Leon County's Robbery Task Force says the shift shouldn't change much around here. A manhunt followed a holdup at the Bank of America on North Monroe Street in Tallahassee last November. It turns out the man arrested was wanted for as many as a dozen bank robberies in the southeast, and he told local investigators he would only confess to the FBI.
Detective Todd Lombardo of the Robbery Task Force says, "He agreed to talk with a federal agent because he wanted to be prosecuted federally rather than state by state, so they helped us out with that."
The FBI, according to its Miami division director, "doesn't have the resources to go out and respond to all bank robberies" as agents are increasingly involved in anti-terrorism efforts.
In Tallahassee, which has about a dozen bank holdups a year, police and sheriff's investigators usually do the interviewing and evidence gathering; that won't change.
Mike Suleski of the Robbery Task Force says, "I don't think it'll have much impact at all. The task force is pretty good, the citizens will be safe. We have a very high clearance rate in our bank robberies and I'm confident that if we need them the FBI will be more than happy to come out and assist us."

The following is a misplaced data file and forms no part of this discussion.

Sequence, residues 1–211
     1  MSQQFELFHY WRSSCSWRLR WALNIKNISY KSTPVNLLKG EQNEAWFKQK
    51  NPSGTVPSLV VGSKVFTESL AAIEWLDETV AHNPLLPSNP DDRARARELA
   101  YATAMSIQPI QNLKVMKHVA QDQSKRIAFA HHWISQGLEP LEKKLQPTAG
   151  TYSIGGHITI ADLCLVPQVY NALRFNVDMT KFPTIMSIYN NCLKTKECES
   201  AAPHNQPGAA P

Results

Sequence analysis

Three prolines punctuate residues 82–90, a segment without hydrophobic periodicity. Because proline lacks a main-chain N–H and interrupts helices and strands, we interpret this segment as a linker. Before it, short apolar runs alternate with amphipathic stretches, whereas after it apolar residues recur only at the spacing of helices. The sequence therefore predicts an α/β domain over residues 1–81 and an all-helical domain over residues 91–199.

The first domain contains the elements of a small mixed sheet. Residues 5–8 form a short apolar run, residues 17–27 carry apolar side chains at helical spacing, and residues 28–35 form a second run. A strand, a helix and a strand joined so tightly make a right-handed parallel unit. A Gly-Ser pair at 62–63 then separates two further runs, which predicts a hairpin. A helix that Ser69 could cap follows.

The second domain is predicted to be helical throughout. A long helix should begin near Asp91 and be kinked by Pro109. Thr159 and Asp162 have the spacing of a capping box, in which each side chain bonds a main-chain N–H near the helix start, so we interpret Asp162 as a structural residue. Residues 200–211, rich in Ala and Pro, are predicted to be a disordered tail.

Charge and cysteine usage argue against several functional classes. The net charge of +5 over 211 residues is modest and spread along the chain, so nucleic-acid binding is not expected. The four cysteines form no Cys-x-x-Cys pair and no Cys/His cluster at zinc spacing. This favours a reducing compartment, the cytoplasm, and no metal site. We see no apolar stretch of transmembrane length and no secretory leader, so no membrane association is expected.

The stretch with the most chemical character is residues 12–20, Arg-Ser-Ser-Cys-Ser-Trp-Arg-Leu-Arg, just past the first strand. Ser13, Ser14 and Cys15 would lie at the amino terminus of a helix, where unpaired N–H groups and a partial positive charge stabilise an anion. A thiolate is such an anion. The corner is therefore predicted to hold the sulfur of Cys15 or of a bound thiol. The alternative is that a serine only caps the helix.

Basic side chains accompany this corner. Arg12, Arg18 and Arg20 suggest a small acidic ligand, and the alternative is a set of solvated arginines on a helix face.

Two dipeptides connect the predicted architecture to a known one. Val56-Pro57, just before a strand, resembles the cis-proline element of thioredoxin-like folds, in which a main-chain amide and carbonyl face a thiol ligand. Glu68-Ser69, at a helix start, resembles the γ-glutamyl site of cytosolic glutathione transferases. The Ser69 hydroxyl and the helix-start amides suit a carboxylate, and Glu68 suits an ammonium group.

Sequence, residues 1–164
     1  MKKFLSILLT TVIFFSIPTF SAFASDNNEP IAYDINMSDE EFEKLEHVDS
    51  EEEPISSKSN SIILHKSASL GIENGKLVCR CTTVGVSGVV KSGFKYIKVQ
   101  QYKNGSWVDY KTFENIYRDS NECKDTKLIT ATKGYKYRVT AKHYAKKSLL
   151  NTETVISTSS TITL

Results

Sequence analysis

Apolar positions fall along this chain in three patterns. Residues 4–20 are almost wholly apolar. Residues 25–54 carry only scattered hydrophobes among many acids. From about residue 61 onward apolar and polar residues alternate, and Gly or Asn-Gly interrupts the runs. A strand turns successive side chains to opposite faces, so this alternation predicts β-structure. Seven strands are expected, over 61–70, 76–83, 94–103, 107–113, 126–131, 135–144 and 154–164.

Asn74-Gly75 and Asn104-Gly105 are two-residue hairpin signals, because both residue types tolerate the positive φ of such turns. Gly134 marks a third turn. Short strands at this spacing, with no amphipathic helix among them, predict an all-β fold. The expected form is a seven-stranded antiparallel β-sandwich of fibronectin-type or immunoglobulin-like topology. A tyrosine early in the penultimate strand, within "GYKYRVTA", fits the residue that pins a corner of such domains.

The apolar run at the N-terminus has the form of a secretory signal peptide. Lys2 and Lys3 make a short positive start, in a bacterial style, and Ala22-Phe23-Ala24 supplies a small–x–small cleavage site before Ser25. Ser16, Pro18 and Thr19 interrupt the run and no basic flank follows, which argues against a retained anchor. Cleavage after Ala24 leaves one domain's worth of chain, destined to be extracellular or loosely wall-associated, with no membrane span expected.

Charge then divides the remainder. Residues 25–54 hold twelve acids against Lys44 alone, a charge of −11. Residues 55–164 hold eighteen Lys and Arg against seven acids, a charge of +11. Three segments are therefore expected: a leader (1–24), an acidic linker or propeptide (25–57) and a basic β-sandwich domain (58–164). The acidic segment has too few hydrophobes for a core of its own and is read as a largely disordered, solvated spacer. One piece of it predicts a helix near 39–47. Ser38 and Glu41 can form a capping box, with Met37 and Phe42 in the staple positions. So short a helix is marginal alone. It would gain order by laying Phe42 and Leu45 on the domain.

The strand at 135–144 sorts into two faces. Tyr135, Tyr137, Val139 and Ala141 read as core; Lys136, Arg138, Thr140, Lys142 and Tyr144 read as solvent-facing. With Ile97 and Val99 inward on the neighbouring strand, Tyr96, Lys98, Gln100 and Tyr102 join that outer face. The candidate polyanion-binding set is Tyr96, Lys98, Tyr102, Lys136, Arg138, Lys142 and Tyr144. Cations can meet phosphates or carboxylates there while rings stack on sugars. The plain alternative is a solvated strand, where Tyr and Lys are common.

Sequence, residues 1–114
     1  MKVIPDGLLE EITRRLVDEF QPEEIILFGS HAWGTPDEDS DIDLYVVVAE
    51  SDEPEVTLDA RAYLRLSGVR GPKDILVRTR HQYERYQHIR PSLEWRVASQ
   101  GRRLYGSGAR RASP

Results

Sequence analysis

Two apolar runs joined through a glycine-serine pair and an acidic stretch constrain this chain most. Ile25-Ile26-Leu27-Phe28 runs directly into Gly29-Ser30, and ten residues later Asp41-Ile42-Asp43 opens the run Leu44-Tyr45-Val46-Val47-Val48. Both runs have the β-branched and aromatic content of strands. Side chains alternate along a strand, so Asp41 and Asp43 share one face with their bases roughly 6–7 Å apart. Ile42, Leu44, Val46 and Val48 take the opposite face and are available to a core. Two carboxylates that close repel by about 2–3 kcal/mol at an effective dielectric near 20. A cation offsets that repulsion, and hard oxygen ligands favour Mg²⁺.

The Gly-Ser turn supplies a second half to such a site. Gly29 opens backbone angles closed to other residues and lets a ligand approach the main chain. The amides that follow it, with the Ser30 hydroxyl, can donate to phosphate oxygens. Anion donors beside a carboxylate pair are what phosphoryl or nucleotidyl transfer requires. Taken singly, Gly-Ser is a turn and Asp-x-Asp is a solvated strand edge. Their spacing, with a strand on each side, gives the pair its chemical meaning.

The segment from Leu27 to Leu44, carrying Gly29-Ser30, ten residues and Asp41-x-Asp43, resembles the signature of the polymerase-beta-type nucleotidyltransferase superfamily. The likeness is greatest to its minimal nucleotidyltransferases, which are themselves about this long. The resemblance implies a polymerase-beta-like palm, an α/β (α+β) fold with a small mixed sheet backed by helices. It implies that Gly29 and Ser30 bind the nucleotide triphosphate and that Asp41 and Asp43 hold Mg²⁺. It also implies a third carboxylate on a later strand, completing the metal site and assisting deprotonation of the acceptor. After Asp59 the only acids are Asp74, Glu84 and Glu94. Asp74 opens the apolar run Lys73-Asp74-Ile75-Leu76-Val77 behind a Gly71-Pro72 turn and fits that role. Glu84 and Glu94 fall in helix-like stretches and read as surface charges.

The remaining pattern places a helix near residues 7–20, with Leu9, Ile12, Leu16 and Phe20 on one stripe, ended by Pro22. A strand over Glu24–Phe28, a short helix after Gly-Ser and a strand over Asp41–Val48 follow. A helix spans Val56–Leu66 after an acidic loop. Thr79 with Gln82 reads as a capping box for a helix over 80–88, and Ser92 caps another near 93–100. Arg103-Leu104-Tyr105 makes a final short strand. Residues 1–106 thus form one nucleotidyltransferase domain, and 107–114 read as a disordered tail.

Leon County's Robbery Task Force says it will continue to rely on the FBI for its ability to track trends, and an FBI spokesman says it will be ready to help if robberies become violent like the holdup in Brevard County last week, in which customers were forced to the floor and tellers were beaten before their eyes.
The Robbery Task Force, which is made up of Tallahassee police and Leon County sheriff's deputies, has a high success rate in arresting bank robbers. It has only one unsolved case this year.
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